The court in New Hampshire rejected this argument in its June decision, but DOJ only spent four pages making that argument in New Hampshire, indeed focusing more heavily on the substance of its Wire Act analysis.
Similarly, in its appeal, DOJ spends ten pages arguing that the OLC solely putting forth the 2018 memorandum did not constitute “final agency action,” and, therefore, the court in New Hampshire could not set it aside and prevent it from being enforced.
This is another technical legal argument to which the government gave short shrift in its arguments in New Hampshire (which the New Hampshire court also rejected) — spending less than two pages on it — that the DOJ now highlights in its appeal submission.
In its appeal filing, DOJ’s actual argument in support of its broadened interpretation of the Wire Act is far more concise than the argument that it made before the court in New Hampshire.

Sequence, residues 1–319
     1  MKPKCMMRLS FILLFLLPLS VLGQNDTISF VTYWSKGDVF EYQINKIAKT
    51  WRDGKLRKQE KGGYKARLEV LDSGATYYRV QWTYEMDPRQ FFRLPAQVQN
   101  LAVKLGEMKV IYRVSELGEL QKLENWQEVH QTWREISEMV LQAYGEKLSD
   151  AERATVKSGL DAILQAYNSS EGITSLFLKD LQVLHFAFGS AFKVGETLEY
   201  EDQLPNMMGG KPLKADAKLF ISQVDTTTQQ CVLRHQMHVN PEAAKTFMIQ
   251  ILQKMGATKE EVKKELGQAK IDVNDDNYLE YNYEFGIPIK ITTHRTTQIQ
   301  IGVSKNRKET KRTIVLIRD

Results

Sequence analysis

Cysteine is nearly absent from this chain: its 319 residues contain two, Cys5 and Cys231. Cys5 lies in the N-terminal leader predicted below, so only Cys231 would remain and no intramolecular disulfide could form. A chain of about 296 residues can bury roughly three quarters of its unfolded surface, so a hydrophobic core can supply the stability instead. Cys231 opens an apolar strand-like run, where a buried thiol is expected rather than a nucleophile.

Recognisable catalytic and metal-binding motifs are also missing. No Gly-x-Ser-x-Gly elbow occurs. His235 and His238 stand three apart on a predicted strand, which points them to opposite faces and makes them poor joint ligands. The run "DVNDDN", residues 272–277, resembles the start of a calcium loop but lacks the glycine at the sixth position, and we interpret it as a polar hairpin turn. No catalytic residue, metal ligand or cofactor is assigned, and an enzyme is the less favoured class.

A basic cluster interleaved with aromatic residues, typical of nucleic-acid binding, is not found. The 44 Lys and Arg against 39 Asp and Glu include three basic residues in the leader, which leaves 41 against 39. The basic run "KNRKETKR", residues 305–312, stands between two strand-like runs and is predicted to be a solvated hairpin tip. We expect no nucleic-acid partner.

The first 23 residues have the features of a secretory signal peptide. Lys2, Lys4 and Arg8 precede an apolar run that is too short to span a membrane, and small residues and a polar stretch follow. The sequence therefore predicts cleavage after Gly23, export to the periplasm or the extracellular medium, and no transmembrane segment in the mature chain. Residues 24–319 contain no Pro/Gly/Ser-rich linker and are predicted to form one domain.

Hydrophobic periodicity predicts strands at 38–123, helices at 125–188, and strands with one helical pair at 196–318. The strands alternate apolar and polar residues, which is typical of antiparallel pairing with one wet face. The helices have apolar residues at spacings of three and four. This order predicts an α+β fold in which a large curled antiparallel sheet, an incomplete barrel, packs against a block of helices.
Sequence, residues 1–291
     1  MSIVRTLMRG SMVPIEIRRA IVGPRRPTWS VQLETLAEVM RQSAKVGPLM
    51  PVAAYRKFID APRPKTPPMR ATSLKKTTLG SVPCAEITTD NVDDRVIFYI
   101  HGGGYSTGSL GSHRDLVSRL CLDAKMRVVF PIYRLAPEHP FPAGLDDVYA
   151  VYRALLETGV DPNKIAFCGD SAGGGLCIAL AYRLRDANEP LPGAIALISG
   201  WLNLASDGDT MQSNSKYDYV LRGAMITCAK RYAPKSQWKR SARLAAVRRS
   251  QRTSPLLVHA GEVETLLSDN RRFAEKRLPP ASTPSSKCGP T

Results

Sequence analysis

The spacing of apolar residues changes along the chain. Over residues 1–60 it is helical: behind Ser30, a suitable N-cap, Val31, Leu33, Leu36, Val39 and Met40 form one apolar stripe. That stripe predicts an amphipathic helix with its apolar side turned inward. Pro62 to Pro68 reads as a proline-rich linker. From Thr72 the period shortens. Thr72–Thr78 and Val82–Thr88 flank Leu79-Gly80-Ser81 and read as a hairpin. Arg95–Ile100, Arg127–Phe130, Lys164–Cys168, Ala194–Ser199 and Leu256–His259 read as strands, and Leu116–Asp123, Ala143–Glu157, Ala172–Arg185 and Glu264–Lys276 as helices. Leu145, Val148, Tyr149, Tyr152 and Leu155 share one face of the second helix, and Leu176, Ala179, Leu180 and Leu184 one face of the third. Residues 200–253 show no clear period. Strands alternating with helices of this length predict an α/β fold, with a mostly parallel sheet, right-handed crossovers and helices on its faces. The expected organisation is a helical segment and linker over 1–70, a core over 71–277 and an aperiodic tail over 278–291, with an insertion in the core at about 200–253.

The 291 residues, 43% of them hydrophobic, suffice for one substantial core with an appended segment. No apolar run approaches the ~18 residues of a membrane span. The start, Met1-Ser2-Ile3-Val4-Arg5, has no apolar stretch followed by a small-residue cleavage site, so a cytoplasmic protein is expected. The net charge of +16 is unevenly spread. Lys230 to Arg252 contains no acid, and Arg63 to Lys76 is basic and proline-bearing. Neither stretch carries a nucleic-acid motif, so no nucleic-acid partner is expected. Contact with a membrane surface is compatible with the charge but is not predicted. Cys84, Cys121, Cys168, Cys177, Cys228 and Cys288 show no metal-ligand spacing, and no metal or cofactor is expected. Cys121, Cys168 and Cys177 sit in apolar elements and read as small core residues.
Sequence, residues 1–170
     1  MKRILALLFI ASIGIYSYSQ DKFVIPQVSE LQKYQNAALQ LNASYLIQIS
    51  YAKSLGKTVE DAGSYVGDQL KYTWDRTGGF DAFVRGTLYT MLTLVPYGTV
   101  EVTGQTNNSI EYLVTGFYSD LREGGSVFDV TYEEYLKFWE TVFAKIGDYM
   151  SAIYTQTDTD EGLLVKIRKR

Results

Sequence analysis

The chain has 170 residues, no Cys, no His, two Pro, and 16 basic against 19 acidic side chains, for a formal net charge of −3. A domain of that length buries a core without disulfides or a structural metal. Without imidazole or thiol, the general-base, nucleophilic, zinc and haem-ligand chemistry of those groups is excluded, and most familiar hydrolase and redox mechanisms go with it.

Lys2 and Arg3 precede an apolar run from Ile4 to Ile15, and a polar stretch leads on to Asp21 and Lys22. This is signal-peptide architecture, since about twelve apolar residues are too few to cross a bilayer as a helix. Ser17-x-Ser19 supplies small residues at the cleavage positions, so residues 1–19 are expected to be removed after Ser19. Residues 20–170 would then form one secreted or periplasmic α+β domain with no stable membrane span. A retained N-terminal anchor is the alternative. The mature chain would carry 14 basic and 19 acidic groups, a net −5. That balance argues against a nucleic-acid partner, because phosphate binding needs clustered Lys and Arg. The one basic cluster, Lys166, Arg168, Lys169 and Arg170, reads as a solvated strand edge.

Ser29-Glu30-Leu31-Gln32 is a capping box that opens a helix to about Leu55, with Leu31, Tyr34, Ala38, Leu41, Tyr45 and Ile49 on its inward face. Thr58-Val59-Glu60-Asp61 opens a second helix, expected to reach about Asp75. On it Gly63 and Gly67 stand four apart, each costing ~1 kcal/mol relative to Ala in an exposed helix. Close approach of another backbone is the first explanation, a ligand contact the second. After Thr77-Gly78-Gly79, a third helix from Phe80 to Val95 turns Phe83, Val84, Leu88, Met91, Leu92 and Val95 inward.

Indeed, the DOJ’s argument regarding the actual substance of the Wire Act spans just over one-third of its First Circuit appeal brief (with the rest devoted to technical arguments discussed above), as compared to it having devoted two-thirds of its argument to the Wire Act in its filing in New Hampshire.
By playing up the “standing” and “final agency action” issues more heavily in its appeal than the discussion of the actual substance of the Wire Act, DOJ’s strategy can be interpreted to be an admission that it knows that its arguments about the scope of the Wire Act are weak.
Even if the government manages to prevail on one of its technical arguments on appeal, it may be a Pyrrhic victory. Unless it manages to convince the First Circuit to rule that the Wire Act should apply to all gambling — highly unlikely given DOJ’s focus on technical arguments and the New Hampshire court’s sound rejection of this interpretation — the possibility that DOJ will one day be able to successfully prosecute a person, business, or state government for a non-sports-wagering Wire Act violation seems quite low.